For example, if a person believes that everyone wishes them harm, they cannot then charge everyone with assault. Rather, an individual must intend for a specific person to feel the threat of harm due to specific actions that they intended to lead to that result. Your criminal defense attorney will ensure that the jury understands this distinction when your case is tried.

In addition to the element of intent, there are common self-defense strategies that may be employed to create sufficient doubt of your intent to protect you from conviction and possible dismissal of your case.

Consent

One of the most often asserted and successful defenses to an assault or an assault and battery charge is consent. When a party has consented to engage in a particular legal interaction or activity that might include harmful physical contact, then they have consented to any contact that might result. If contact does result, then the party that has consented cannot then claim that the contact was offensive or harmful, as they were notified of the potential, and accepted the risk. 

Playing a sport like hockey or riding on a crowded bus will generally mean that the participants have consented to bodily contact that could be assault and battery without prior consent. Another example is when you sign a waiver before going skydiving in which you consent to the risks.

Your criminal defense attorney will carefully review the unique facts and circumstances associated with your case to consider whether this defense might apply to your charges. 

Self Defense

When you make bodily contact that could be construed as harmful or offensive against another person to prevent harm to yourself or another, you could successfully assert “self defense” against your assault or assault and battery charges.

Under the Virginia self defense laws, the non-aggressor is the person who used force in defense of themselves. The non-aggressor may be justified in their use of force against another person when they have a reasonable belief that the force is necessary to protect themselves against an imminent use of unlawful force from another person.

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To win their case, the prosecution must convince the judge and jury that you are guilty beyond a reasonable doubt. This means that each element of the crime can be proven beyond a reasonable doubt, including your internal motivations for committing the crime. Given the difficulty, if not possibility, of reading one’s mind, the prosecution faces an uphill battle against your criminal defense lawyer who can explain your reasons to the judge and jury to protect against the charges being leveled against you.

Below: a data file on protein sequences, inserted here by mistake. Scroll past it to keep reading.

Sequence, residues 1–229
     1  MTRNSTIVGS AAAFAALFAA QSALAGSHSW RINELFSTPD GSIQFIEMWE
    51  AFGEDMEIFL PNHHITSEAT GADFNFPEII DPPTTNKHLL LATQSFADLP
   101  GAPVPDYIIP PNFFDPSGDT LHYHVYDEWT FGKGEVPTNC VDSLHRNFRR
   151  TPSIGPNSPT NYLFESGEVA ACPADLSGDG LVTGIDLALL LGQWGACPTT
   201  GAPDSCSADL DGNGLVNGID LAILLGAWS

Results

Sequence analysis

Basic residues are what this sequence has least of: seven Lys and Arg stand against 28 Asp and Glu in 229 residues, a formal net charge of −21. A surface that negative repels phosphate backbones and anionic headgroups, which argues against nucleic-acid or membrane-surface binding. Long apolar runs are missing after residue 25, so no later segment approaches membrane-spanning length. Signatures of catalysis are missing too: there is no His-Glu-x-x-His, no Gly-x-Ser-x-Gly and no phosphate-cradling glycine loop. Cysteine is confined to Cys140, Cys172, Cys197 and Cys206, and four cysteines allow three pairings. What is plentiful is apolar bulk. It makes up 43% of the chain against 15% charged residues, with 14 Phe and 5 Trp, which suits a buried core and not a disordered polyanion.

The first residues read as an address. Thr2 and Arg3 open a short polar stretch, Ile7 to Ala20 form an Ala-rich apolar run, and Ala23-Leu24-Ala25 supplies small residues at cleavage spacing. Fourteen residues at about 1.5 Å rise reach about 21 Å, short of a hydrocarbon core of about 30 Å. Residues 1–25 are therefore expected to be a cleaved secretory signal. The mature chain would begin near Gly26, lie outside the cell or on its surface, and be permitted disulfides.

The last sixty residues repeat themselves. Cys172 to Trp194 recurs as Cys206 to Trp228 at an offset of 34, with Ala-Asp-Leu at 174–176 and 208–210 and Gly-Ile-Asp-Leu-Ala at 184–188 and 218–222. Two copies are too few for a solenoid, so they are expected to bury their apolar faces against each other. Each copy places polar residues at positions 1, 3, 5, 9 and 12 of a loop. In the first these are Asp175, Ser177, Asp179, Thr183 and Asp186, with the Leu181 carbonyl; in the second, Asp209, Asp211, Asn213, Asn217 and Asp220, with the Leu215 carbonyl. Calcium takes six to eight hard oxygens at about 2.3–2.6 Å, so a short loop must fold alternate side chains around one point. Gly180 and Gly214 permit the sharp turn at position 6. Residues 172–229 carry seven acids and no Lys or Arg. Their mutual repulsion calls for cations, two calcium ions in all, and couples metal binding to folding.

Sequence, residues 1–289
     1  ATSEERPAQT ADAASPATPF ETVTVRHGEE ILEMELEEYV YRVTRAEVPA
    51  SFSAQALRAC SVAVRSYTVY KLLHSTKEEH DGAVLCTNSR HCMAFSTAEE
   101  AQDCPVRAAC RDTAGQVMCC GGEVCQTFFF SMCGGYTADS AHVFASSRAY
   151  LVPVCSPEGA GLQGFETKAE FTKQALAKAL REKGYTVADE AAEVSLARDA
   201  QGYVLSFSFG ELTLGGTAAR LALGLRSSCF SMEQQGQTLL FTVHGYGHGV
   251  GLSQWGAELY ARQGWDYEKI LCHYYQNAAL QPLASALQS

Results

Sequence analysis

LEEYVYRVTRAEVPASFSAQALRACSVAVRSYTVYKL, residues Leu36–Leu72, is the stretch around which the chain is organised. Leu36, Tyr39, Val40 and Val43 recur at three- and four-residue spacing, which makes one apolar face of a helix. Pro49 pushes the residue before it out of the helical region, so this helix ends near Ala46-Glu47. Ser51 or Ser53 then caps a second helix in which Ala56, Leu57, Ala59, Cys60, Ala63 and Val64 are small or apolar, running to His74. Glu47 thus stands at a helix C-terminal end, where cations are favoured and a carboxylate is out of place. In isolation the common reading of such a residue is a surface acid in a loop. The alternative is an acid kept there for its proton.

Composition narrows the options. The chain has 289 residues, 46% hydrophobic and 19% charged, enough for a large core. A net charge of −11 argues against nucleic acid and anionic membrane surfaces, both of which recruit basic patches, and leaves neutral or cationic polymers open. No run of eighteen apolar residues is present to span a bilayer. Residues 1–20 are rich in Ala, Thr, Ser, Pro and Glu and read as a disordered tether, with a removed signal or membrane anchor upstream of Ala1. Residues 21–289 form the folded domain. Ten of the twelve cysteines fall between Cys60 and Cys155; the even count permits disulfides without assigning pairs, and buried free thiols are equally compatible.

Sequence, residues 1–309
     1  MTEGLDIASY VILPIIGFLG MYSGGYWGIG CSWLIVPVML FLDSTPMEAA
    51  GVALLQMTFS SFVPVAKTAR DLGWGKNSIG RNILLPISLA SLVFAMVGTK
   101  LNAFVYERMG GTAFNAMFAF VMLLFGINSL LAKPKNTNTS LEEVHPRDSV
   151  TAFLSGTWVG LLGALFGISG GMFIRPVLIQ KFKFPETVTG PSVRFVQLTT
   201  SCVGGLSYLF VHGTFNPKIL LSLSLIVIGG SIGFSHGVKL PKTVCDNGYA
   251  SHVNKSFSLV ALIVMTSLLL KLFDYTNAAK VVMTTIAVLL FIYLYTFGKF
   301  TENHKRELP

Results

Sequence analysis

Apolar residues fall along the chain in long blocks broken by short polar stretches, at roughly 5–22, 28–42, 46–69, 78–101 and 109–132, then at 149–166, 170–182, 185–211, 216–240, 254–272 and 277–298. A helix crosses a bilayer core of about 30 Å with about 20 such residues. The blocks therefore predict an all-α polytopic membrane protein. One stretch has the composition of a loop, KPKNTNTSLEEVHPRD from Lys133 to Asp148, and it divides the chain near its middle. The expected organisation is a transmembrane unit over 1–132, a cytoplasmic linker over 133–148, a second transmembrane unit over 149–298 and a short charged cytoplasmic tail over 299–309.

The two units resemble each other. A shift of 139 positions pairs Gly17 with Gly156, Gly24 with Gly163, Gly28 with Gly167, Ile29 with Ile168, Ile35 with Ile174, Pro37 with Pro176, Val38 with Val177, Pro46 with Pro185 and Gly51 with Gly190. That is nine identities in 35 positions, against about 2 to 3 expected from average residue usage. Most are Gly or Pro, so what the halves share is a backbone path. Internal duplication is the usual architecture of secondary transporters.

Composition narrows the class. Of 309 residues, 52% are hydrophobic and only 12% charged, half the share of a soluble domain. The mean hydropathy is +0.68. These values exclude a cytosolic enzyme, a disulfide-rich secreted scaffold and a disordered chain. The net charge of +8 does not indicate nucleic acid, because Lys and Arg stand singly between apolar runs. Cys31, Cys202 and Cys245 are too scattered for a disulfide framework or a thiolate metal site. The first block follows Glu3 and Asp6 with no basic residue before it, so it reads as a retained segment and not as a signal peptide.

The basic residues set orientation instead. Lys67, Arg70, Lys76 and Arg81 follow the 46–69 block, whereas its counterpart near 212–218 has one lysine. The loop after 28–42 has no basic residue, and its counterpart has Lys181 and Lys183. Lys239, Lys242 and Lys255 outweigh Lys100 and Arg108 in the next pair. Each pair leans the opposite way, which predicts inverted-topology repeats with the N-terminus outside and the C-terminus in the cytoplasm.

Why hire Select Law Partners PLLC?

The skill and ability of your attorney can determine the difference between a dismissal of your case or a guilty verdict that leads to confinement and being labeled a felon. The prosecution is tasked with proving that you are guilty beyond a reasonable doubt on each and every element of the crime that you’re being charged with, and your defense is tasked with challenging this every step of the way. 

With a dedicated criminal defense attorney from Select Law Partners PLLC on your side, the prosecution will know that they won’t be able to take an “easy win” on your case. They will have to work hard, and if they have any doubt that they can successfully prosecute their case against our aggressive defense, they’ll have to drop your charges or make a deal. We’re a client-focused firm that puts together the best case possible individually for each of our clients, as no two cases are alike, and we put in the time and effort to treat them as such.

Not all attorneys know how to win a case in court, and not all attorneys understand when to negotiate a good deal. The only way to learn this is through experience. Select Law Partners PLLC and our team of criminal defense attorneys have decades of combined experience helping clients like you achieve the ideal outcome in their case.

Give us a call at  (855) 541-4867, or visit our site to schedule a consultation so we can get started on your case now.